Men also set fire to the prairie in the autumn, especially Indian peoples of the tallgrass region such as Osages, Kanzas, and Pawnees. Folk memory among Flint Hills ranchers records that the Indians would set the prairie afire by wrapping rawhide around a big ball of dead grass, lighting it, and then pulling it behind a running horse. 2

The Indians had their own reasons for managing the prairie by means of fire. An insight into their motives and methods is contained in historian Richard White’s study of the Pawnees, a tribe who like the Kanzas lived in permanent villages in the tallgrass region, practiced horticulture, maintained a substantial horse herd, and hunted bison in the mixed-grass regions of the central plains to the west.

White wrote: “The Pawnees appear to have regularly burned the prairies in the fall, with less frequent burning the in the early spring. They set these fires both in the vicinity of their earth lodge villages and along the routes—the Platte, Republican, Blue, and Smoky Hill valleys—to their hunting grounds. The operation involved some skill, and whites who witnessed it were impressed by the way the Indians took advantage of the winds to burn the grass around the villages without touching the surrounding cornfields.”

The rationale for the Indians’ burning was that it stimulated earlier growth and guaranteed a larger yield of nutritious grass in the spring. This not only attracted game to their hunting grounds but also provided better forage to their horses when it was desperately needed following the lean months of winter. 3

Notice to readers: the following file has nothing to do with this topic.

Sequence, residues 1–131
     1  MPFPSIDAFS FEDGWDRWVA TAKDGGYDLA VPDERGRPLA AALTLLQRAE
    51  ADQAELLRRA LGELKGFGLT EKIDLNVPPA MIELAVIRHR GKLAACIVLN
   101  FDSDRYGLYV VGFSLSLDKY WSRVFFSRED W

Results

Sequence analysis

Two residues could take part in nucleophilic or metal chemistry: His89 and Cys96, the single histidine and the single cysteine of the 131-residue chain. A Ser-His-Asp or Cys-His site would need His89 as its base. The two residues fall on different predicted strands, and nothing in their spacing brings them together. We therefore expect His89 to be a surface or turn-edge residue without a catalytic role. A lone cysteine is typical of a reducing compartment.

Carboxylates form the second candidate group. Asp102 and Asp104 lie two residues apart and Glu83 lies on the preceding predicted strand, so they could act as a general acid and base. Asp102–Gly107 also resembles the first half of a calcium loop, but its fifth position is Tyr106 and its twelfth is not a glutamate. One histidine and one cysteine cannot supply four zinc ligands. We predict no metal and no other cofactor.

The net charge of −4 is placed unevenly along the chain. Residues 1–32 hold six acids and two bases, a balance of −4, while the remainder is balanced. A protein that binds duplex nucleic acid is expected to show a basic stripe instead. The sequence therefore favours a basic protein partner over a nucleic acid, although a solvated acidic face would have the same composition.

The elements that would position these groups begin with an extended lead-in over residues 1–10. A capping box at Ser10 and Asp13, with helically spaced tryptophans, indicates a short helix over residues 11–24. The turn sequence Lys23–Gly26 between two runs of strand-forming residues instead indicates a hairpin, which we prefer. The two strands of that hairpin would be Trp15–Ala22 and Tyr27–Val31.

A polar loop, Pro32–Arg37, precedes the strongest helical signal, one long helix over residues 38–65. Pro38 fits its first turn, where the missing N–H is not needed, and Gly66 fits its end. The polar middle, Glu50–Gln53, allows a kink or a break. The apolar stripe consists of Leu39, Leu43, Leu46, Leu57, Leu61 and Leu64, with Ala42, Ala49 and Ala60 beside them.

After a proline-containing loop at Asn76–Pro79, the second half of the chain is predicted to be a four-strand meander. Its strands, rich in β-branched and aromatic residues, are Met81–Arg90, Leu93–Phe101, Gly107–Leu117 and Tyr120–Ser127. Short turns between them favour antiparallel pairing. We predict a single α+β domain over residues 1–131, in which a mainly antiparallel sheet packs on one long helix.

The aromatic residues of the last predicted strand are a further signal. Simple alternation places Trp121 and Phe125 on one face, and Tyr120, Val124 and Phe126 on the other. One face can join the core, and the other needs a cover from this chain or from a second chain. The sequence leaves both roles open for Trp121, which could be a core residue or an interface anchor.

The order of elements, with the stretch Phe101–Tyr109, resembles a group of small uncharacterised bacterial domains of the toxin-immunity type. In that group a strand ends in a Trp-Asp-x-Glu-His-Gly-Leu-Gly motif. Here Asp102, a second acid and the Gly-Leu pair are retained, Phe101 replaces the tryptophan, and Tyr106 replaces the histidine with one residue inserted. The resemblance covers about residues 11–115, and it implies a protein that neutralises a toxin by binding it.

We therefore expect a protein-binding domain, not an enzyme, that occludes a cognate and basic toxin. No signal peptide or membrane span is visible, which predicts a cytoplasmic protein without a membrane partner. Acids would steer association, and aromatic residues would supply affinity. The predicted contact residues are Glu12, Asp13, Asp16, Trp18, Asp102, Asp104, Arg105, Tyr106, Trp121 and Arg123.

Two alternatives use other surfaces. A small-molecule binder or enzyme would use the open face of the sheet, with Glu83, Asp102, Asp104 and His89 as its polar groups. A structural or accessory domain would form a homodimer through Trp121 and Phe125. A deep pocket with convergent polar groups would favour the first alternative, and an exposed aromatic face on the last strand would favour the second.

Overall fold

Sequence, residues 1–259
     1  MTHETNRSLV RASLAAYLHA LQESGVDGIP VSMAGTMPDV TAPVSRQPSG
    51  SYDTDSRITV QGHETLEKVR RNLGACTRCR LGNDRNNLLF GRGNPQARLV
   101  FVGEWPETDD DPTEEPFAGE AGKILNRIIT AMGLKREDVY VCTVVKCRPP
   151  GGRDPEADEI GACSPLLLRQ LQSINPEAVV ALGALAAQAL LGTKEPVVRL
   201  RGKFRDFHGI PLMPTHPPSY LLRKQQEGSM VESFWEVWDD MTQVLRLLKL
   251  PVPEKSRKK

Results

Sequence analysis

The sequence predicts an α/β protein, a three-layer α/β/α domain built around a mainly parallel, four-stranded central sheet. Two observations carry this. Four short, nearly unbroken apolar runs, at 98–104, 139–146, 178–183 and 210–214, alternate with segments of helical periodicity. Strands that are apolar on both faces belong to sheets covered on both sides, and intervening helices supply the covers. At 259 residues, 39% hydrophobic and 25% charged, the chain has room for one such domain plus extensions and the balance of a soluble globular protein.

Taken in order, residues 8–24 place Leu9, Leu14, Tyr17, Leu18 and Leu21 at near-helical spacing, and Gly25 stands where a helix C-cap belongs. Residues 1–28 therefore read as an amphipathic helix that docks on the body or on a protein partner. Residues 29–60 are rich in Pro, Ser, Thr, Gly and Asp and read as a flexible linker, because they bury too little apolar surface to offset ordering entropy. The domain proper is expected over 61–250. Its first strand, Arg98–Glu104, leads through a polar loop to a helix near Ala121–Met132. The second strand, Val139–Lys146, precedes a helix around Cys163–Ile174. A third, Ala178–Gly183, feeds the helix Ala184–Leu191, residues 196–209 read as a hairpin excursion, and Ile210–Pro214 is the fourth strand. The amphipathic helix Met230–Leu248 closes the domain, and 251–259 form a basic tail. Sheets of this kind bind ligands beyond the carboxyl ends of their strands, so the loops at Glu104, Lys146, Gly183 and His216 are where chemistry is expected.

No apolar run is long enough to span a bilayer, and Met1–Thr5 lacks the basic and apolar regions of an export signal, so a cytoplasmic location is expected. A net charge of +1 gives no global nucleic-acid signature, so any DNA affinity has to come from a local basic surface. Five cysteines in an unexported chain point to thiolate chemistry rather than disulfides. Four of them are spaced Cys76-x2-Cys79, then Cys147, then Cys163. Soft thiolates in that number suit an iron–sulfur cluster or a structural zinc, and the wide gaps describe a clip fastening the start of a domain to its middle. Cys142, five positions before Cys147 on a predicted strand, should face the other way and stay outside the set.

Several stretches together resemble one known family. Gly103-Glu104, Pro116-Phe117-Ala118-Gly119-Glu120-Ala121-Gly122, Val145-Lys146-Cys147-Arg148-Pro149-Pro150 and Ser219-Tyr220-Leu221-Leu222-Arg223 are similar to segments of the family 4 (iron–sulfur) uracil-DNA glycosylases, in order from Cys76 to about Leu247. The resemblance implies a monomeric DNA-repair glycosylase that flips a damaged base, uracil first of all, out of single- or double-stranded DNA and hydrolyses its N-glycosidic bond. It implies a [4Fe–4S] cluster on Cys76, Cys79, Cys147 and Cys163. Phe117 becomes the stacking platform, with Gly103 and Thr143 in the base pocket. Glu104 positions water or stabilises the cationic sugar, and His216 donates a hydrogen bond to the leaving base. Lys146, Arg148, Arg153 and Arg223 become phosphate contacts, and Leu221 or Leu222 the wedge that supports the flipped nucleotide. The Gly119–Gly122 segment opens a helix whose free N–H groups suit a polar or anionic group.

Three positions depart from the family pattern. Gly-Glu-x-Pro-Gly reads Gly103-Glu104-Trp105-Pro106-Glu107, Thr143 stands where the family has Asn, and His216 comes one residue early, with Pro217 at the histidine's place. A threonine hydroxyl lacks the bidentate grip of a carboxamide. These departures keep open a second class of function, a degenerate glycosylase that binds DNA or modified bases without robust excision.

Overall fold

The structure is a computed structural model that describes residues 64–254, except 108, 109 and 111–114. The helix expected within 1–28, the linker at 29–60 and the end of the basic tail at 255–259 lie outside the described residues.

On the Kanza Reservation, agent Hiram Farnsworth was keenly aware of the destructive potential of fire. In 1861, he wrote to his superiors in Washington D.C. urging them to abandon their plans to build the 138 huts for the Kanzas out of wood. Instead Farnsworth recommended stone as the primary building material, in part because of the threat posed by prairie fires that frequented the reservation. The government did, in fact, heed their agent’s advice.

The events of October, 1859, had provided substance to Agent Farnsworth’s concerns. The October 29 and November 5 issues of the Emporia News contained several descriptions of prairie fires. A brief sampling follows:

“Our city was visited on Wednesday last by one of the grandest prairie fires we ever beheld—completely sweeping over one-quarter of the town…about a week since, a large body of prairie west of us burned, destroying a number of cabins and considerable hay….losses are reported as much more severe, including buildings, cornfields, hay and grain ricks, together with cattle and hogs….The air was so filled with dust and ashes from the burnt prairie, that we could hardly get a glimpse at the sun. It was a bad day for ladies and hooped skirts.”

1. Barnes, Lela, “Journal of Isaac McCoy for the Exploring Expedition of 1830,” Kansas Historical Quarterly (November, 1936): pp. 339-377.

2. “Pasture Burning in the Flint Hills,” Kansas School Naturalist (March, 1993).

3. White, Richard, The Roots of Dependency: Subsistence, Environment, and Social
Change among the Choctaws, Pawnees, and Navajos
(Lincoln: University of Nebraska Press, 1983), pp. 184-186.